3 Adults, 3 Children Killed In Nashville School Shooting

Deadly attack by 28-year-old local woman, who was fatally shot by police, renews calls for stricter gun laws in US.

3 Adults, 3 Children Killed In Nashville School Shooting
Students from The Covenant School, a private Christian school in Nashville, Tennessee, hold hands as they are taken to a reunification site after a shooting at their school



Three children and three adults have been killed after a woman opened fire at a primary school in the US city of the Nashville, Tennessee, local officials said, in the latest instance of deadly gun violence in the United States. The shooting happened on Monday morning at The Covenant School, a private Presbyterian school for 200 students from preschool through sixth grade. All three children had gunshot wounds and they were pronounced dead upon arrival at the Monroe Carell Jr Children’s Hospital at Vanderbilt.



No further details were also immediately released on their ages or their identities, or about the identities of the adults who were killed. The Metropolitan Nashville Police Department said on Monday afternoon that the shooter, a 28-year-old woman and resident of Nashville, had been fatally shot by officers after they entered the building. Police said the attacker had “at least” two assault rifles and a handgun. A motive was not immediately clear, although police said the shooter was believed to be a former student at the school.



The attack took place at a “lobby type area” in the school, and not in a classroom, a police official said. Students could be seen being walked to safety after the incident, holding hands as they left their school surrounded by police cars. They were brought to a nearby church to be reunited with their parents. Helicopter footage from the WTVF local news station showed police officers looking around a wooded area between the campus and a nearby road.



Jozen Reodica said she heard police sirens and fire trucks blaring from outside her office building nearby. As the building was placed under lockdown, she took out her phone and recorded the chaos. “I thought I would just see this on TV,” she said. “And right now, it’s real.” Nashville Mayor John Cooper expressed sympathy for the victims, writing on social media that his city “joined the dreaded, long list of communities to experience a school shooting”.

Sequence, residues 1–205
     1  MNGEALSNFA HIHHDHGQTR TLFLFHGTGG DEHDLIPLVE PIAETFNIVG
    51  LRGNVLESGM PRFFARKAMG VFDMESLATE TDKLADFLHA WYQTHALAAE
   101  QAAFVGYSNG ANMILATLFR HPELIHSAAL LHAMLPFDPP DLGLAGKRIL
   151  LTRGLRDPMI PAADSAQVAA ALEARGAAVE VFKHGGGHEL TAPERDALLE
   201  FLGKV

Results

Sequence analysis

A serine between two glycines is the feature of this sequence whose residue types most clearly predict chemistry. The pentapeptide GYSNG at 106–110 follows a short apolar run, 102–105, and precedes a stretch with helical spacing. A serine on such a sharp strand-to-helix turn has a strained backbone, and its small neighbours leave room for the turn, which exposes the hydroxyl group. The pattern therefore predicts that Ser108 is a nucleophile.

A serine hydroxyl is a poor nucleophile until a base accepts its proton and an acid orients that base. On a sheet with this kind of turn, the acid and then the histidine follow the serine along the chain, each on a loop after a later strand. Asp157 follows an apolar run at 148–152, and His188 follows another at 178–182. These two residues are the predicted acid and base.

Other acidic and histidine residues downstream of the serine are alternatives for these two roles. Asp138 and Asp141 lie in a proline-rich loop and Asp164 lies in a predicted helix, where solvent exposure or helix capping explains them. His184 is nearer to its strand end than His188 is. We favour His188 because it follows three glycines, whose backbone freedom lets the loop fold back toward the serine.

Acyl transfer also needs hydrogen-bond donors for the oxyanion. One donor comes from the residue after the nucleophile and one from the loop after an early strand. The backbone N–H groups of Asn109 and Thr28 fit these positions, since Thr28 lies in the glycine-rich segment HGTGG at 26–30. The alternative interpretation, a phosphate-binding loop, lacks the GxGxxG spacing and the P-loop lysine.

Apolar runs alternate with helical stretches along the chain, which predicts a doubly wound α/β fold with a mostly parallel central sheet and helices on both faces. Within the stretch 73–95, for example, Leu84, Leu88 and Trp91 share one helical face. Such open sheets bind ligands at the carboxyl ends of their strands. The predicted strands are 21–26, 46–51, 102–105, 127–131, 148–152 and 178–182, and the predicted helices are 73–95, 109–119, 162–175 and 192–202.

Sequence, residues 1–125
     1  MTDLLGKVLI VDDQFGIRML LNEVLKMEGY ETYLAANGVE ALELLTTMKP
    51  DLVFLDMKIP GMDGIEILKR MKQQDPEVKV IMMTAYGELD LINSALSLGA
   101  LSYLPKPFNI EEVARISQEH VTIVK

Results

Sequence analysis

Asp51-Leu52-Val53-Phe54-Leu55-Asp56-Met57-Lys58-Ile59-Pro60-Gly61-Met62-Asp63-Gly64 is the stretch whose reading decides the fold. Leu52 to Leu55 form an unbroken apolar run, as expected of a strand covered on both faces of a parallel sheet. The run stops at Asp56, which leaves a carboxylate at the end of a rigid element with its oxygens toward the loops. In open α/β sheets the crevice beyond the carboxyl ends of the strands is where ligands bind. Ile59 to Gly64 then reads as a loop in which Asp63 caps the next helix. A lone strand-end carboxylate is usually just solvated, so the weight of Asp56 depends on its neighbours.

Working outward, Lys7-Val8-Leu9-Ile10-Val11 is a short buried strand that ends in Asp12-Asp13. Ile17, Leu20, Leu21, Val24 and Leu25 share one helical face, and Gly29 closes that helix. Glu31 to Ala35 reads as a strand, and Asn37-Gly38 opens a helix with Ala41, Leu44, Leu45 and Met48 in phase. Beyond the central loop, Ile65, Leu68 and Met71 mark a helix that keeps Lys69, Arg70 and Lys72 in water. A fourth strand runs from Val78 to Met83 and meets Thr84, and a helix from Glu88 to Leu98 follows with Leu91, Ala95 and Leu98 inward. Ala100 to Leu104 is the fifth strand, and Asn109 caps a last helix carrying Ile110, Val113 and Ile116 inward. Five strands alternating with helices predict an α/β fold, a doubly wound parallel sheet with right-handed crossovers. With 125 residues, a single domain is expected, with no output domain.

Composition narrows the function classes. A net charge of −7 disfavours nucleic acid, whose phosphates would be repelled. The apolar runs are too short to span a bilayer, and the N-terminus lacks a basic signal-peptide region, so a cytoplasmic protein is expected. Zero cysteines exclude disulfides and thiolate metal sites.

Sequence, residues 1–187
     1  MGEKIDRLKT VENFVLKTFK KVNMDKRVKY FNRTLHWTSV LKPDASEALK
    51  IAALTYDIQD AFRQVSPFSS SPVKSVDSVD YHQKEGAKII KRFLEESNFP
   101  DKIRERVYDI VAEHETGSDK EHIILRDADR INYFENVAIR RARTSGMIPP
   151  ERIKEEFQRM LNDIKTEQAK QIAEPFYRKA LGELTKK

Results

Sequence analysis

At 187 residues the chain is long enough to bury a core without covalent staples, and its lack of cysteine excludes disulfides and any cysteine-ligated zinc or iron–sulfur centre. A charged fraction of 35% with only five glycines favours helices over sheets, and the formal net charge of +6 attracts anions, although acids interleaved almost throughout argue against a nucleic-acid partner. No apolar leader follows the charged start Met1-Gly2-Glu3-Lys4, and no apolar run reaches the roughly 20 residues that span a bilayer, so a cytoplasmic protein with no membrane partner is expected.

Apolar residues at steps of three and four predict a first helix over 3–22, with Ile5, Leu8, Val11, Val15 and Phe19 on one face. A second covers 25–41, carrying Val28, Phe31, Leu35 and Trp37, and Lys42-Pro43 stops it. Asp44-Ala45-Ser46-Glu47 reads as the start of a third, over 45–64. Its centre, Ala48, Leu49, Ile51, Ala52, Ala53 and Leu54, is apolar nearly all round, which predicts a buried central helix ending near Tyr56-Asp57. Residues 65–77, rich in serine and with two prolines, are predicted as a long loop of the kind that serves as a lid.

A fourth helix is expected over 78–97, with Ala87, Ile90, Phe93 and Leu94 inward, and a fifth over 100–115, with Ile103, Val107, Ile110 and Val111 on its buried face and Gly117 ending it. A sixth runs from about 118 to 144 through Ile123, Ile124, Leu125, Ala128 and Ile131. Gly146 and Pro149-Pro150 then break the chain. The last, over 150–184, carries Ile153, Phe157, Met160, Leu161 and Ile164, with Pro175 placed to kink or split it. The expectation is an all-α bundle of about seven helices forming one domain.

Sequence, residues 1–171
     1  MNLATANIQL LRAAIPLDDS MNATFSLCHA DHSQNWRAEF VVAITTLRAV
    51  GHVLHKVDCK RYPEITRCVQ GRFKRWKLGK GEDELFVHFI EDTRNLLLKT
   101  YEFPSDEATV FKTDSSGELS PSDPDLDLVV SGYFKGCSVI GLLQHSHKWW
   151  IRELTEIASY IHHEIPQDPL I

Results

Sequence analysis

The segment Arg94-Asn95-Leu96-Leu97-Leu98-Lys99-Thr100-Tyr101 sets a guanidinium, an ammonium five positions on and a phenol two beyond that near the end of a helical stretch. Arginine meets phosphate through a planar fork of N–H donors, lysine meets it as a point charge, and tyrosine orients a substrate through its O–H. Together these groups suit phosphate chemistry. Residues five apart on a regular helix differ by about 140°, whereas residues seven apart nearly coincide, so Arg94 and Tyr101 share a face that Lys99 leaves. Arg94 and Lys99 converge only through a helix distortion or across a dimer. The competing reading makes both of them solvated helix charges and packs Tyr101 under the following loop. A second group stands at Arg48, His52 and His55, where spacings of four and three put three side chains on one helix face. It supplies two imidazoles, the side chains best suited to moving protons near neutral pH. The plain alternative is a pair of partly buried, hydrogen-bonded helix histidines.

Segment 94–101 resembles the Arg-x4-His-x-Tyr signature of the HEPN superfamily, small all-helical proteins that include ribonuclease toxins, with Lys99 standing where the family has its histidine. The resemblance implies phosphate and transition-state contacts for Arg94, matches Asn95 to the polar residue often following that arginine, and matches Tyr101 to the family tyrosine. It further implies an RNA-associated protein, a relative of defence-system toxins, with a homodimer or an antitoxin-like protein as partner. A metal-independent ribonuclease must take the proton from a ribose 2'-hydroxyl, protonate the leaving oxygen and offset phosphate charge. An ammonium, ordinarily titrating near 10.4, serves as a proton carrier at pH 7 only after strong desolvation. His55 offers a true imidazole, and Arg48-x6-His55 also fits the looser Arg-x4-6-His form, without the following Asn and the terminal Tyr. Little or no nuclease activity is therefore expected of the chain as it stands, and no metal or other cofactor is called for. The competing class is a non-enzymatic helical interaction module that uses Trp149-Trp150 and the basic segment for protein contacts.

A law enforcement officer runs near the Covenant School after a shooting in Nashville, Tennessee



Attacks at US schools have become relatively common, including a massacre last year at a primary school in Uvalde, Texas that left 19 young students and two teachers dead. In February, a gunman killed three students and wounded five others in an attack on the campus of Michigan State University in East Lansing, Michigan.



As of Monday, there had been at least 128 mass shootings in the US so far this year, according to the Gun Violence Archive, a group that defines a mass shooting as an incident involving four or more victims. Since 2020, the number of mass shootings every year in the US has hovered above 600, with 646 recorded in 2022, according to the Gun Violence Archive database.



Meanwhile, a Federal Bureau of Investigation (FBI) report recorded a 61 percent jump in so-called “active shooter” incidents in the country in 2021 compared to the previous year. The department defines an “active shooter” as someone engaged in killing or attempting to kill people in a public space in a seemingly random fashion. About one in five “active shooter” incidents in 2021 were also mass killings.


We need to do something

Reporting from Washington, DC, reporter said that despite the prevalence of mass shootings in the US, federal gun reform has remained a politically fraught issue. “Unless and until there is political will from both Republicans and Democrats, it’s going to be very difficult to get any sort of comprehensive, Congressional action that could prevent these sorts of shootings,” she said. Amid the political deadlock, President Joe Biden, a Democrat, has sought to address the high rate of gun violence through a raft of executive orders.



A police officer walks by an entrance to The Covenant School after the shooting in Nashville



Last year, he also signed the first major federal gun control legislation passed in the US in decades, although advocates said the bill made only incremental gains. Following Monday’s attack in Nashville, the White House again called for greater federal reforms, including an assault weapons ban, an increase to the minimum age necessary to purchase guns, and greater standards for background checks. “It’s just sick,” Biden told reporters. “It’s ripping our communities apart,” he said, “ripping at the very soul of the nation.”